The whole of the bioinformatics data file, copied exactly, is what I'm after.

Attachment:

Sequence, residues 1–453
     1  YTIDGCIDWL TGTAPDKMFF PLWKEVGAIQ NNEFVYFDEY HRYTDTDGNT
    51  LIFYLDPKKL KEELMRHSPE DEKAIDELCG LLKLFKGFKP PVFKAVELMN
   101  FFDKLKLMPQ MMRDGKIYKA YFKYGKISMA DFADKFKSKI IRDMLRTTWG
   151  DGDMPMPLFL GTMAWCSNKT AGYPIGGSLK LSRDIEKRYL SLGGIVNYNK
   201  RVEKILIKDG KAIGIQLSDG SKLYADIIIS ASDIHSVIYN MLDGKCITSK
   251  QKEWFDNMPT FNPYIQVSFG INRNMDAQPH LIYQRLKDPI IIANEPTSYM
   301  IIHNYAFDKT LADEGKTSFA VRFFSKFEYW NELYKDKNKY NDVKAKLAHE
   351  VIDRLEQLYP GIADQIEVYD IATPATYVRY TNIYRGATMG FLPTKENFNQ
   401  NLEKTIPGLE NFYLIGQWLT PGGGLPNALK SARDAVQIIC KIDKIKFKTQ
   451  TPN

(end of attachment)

Sequence, residues 1–453
     1  YTIDGCIDWL TGTAPDKMFF PLWKEVGAIQ NNEFVYFDEY HRYTDTDGNT
    51  LIFYLDPKKL KEELMRHSPE DEKAIDELCG LLKLFKGFKP PVFKAVELMN
   101  FFDKLKLMPQ MMRDGKIYKA YFKYGKISMA DFADKFKSKI IRDMLRTTWG
   151  DGDMPMPLFL GTMAWCSNKT AGYPIGGSLK LSRDIEKRYL SLGGIVNYNK
   201  RVEKILIKDG KAIGIQLSDG SKLYADIIIS ASDIHSVIYN MLDGKCITSK
   251  QKEWFDNMPT FNPYIQVSFG INRNMDAQPH LIYQRLKDPI IIANEPTSYM
   301  IIHNYAFDKT LADEGKTSFA VRFFSKFEYW NELYKDKNKY NDVKAKLAHE
   351  VIDRLEQLYP GIADQIEVYD IATPATYVRY TNIYRGATMG FLPTKENFNQ
   401  NLEKTIPGLE NFYLIGQWLT PGGGLPNALK SARDAVQIIC KIDKIKFKTQ
   451  TPN